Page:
• Help increase profitability
    • Help enhance product quality

Management Information Systems, Sixth Edition

decision support systems continued
Decision Support Systems (continued)
  • Most DSSs consist of three components:
    • Data management module
    • Model management module
    • Dialog module
  • These components help users:
    • Enter a request in a convenient manner
    • Search vast amounts of data
    • Process the data through desired models
    • View the results in a desired format

Management Information Systems, Sixth Edition

the data management module
The Data Management Module
  • Data management module: a database or data warehouse that provides data for the intelligence phase
    • Accesses the data
    • Provides a means to select data by specified criteria
  • Many DSSs are intertwined with other organizational systems, including data warehouses, data marts, and ERP systems

Management Information Systems, Sixth Edition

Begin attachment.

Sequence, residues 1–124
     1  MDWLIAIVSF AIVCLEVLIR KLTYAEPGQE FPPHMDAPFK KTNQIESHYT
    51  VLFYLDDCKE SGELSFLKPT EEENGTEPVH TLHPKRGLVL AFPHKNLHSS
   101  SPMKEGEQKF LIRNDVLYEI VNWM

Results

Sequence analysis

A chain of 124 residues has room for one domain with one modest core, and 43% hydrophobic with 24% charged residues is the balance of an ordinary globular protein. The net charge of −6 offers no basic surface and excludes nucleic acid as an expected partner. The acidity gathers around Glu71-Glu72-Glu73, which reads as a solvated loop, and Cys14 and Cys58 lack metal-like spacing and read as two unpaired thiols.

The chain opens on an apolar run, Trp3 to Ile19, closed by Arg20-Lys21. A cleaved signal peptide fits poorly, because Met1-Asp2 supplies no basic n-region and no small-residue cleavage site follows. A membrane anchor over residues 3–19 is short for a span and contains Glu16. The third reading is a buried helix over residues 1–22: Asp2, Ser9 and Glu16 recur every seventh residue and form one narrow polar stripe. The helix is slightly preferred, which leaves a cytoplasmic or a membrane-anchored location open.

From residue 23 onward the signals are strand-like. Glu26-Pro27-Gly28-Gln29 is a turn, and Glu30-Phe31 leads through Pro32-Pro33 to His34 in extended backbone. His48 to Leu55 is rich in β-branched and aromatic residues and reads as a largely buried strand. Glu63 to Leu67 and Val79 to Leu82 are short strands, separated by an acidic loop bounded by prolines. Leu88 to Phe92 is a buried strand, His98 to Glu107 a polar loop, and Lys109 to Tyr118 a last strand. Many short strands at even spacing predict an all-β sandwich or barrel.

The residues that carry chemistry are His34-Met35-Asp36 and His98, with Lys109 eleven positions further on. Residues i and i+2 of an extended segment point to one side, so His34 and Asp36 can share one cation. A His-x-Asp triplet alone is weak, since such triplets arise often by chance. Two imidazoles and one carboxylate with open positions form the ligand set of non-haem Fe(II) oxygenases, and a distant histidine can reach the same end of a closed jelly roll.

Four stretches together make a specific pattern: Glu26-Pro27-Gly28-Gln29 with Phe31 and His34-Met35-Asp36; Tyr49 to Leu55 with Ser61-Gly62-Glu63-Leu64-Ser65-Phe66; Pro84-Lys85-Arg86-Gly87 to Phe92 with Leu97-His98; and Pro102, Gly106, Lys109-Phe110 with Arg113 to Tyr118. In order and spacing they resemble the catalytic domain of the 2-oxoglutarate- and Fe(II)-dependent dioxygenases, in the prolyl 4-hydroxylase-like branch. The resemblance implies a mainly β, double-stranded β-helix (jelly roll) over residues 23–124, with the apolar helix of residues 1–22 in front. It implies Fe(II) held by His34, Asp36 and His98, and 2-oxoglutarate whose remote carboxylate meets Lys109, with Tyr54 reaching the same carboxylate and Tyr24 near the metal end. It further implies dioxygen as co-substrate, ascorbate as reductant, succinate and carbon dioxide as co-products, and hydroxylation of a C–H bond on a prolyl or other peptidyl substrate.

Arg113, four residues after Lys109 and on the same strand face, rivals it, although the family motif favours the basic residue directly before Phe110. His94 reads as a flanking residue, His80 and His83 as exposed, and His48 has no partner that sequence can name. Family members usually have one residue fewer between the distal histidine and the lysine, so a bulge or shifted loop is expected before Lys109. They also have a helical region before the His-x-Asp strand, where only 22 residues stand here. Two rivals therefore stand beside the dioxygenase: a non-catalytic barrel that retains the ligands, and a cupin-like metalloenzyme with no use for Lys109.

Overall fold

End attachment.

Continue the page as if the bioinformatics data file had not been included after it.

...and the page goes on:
the model management module
The Model Management Module
  • Model management module: turns data into useful information
  • May offer a fixed model, a dynamically modified model, or a collection of models
    • Dynamically modified model: one that is automatically adjusted based on changing relationships among variables
  • A sequence of events or a pattern of behavior can become a useful model
  • Models are often based on mathematical research

Management Information Systems, Sixth Edition

the model management module continued
The Model Management Module (continued)
  • Patterns or models may be unique to a certain industry, such as:
    • ATM placement
    • Truck route planning
    • Airline ticket pricing
    • Car rental pricing
  • A linear regression model is a general statistical model that is often used